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Darrell Hick used his bike, a heavy yellow cruiser with no gears that he bought at a garage sale in the 1970s, on holiday trips to Rottnest Island, off the Western Australian coast near Fremantle.

The bike soon earned the nickname ‘Hernia’, as it made heavy work of the island’s rolling terrain. Hick described still bearing scars from when a quokka, a wallaby species synonymous with the island, got caught under the pedals.

Nowadays an iconic getaway location for generations of Western Australians, from 1838 to 1904 the island was the site of a prison in which Aboriginal men and boys from across Western Australia were incarcerated.

A yellow bicycle with a wooden crate on the front and a small detachable a yellow sticker on the back of the bicycle reads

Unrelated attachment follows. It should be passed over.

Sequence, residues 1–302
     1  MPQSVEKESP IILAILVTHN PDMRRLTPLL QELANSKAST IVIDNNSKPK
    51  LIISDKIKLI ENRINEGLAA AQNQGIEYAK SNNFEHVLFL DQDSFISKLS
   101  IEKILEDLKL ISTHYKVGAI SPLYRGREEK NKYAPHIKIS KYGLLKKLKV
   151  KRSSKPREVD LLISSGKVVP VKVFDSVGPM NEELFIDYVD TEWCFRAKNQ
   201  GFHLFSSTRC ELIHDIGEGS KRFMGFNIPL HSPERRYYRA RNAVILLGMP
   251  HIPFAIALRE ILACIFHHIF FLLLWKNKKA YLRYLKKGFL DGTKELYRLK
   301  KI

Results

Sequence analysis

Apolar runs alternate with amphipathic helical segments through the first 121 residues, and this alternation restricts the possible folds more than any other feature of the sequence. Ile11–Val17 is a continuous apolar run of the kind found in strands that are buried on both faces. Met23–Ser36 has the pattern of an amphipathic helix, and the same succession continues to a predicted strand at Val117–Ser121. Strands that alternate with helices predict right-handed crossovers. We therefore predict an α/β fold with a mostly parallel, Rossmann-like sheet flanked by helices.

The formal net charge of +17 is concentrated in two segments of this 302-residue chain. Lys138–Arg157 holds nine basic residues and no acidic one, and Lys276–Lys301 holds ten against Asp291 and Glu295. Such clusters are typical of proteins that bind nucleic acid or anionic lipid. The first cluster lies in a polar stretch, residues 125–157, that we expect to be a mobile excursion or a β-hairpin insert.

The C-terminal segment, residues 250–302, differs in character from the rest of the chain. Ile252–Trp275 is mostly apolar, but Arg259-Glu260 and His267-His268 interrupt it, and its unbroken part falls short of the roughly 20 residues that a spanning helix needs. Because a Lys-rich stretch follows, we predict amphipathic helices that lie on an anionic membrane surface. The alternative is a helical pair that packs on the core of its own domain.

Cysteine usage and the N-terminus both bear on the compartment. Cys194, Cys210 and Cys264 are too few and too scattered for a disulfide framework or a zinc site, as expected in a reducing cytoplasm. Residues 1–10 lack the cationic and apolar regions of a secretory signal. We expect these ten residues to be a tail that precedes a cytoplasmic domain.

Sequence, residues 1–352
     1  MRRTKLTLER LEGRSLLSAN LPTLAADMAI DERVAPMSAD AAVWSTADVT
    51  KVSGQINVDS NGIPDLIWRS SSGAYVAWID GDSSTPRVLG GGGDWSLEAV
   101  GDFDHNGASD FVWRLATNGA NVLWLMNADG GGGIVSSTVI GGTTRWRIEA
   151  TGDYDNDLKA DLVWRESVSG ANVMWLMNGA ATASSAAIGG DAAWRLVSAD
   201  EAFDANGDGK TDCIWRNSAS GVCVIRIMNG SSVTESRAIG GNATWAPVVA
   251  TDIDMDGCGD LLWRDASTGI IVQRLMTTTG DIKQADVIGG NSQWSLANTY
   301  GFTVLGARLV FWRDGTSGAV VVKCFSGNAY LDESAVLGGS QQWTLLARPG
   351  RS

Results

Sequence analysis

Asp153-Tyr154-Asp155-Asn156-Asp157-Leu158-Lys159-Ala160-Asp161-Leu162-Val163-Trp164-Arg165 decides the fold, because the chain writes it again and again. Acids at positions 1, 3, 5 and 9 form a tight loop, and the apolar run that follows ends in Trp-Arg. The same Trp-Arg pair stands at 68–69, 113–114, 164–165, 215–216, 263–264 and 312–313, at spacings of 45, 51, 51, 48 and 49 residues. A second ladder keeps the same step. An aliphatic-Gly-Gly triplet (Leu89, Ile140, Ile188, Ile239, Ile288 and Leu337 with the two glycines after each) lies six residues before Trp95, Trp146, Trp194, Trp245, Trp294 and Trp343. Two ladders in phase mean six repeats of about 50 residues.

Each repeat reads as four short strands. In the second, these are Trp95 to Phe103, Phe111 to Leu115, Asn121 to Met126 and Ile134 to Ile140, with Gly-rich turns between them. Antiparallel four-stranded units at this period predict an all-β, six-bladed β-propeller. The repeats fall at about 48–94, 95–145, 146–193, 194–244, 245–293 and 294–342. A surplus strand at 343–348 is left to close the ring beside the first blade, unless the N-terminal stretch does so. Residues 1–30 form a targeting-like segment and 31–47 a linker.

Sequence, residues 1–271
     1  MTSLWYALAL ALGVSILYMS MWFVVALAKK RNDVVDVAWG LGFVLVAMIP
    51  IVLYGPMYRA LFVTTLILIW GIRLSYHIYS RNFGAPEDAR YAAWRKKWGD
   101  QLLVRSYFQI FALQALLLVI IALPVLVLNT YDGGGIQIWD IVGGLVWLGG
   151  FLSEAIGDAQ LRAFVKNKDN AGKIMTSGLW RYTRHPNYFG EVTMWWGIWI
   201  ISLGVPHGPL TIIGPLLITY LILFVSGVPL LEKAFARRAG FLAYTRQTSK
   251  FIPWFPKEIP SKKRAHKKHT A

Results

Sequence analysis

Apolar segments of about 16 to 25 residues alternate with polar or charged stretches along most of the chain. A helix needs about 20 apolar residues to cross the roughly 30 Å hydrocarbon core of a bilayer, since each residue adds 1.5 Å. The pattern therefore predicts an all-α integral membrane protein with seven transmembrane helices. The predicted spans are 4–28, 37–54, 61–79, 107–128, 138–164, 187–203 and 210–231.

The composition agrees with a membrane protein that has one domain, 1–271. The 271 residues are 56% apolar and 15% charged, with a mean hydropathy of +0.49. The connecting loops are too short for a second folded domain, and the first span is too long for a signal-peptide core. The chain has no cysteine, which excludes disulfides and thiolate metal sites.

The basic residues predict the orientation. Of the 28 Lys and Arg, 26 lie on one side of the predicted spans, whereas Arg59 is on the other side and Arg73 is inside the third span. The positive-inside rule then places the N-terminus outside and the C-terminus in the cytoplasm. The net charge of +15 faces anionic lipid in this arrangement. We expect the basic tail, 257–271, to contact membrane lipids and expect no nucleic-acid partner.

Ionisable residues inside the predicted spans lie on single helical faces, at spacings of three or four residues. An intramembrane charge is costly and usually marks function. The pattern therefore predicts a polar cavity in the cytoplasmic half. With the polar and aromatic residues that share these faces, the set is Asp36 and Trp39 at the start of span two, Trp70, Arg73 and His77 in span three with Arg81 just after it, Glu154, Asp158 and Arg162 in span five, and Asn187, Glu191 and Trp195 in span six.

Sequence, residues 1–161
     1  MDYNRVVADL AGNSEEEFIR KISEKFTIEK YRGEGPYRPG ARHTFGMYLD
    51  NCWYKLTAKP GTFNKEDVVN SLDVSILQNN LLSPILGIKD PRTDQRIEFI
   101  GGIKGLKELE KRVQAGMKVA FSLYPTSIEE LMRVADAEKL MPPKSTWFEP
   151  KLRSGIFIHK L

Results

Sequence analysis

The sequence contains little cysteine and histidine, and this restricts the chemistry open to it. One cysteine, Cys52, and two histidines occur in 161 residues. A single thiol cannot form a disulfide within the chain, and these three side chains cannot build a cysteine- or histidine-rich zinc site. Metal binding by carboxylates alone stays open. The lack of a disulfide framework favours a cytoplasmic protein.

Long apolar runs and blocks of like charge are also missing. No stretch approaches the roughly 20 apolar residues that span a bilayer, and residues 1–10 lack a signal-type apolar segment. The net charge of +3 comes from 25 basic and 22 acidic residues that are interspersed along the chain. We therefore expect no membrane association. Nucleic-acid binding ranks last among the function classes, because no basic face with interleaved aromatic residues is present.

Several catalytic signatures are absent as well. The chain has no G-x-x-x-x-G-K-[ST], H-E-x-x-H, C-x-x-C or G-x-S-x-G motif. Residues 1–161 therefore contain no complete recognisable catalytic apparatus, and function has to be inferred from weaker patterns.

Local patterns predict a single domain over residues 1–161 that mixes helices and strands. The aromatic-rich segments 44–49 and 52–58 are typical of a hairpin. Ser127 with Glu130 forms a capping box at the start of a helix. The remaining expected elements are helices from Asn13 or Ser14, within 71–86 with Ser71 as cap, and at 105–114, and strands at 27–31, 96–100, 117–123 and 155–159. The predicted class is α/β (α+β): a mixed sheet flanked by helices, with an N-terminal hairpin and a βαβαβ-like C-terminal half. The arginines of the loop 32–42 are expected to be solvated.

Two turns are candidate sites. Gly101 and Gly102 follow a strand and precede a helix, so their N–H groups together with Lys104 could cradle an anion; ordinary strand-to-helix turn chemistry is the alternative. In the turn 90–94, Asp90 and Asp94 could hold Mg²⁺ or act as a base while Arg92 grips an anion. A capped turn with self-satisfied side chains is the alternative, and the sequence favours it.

Darrell Hick's Swansea bicycle

Hidden Past

This composition captures the duality of Rottnest Island. It is a beautiful holiday destination that many Western Australians travel to each summer, yet so few people know about its dark past.

The piece is technically complex. It is lively in the beginning, representing Darrell Hick tearing around the island on his bike. At the same time there is an undercurrent of the island’s lesser-known past. The music suggests a foreboding and something that is dangerous and painful.

Darrell Hick’s Swansea bicycle up close 3:16

This video has no sound.

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